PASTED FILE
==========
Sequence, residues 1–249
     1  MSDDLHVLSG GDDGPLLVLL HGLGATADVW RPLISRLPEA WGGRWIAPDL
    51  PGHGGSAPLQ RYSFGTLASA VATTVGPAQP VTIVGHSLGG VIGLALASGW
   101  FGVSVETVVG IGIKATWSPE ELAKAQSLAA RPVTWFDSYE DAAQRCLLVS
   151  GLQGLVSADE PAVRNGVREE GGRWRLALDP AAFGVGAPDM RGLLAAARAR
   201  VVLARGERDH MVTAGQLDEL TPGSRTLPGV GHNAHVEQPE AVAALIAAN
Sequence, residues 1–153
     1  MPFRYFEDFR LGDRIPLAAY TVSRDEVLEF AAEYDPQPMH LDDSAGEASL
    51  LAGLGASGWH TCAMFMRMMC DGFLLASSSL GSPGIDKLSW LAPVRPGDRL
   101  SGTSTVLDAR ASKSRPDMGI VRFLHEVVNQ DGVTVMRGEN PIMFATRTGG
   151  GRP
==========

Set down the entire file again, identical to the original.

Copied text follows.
Sequence, residues 1–249
     1  MSDDLHVLSG GDDGPLLVLL HGLGATADVW RPLISRLPEA WGGRWIAPDL
    51  PGHGGSAPLQ RYSFGTLASA VATTVGPAQP VTIVGHSLGG VIGLALASGW
   101  FGVSVETVVG IGIKATWSPE ELAKAQSLAA RPVTWFDSYE DAAQRCLLVS
   151  GLQGLVSADE PAVRNGVREE GGRWRLALDP AAFGVGAPDM RGLLAAARAR
   201  VVLARGERDH MVTAGQLDEL TPGSRTLPGV GHNAHVEQPE AVAALIAAN
Sequence, residues 1–153
     1  MPFRYFEDFR LGDRIPLAAY TVSRDEVLEF AAEYDPQPMH LDDSAGEASL
    51  LAGLGASGWH TCAMFMRMMC DGFLLASSSL GSPGIDKLSW LAPVRPGDRL
   101  SGTSTVLDAR ASKSRPDMGI VRFLHEVVNQ DGVTVMRGEN PIMFATRTGG
   151  GRP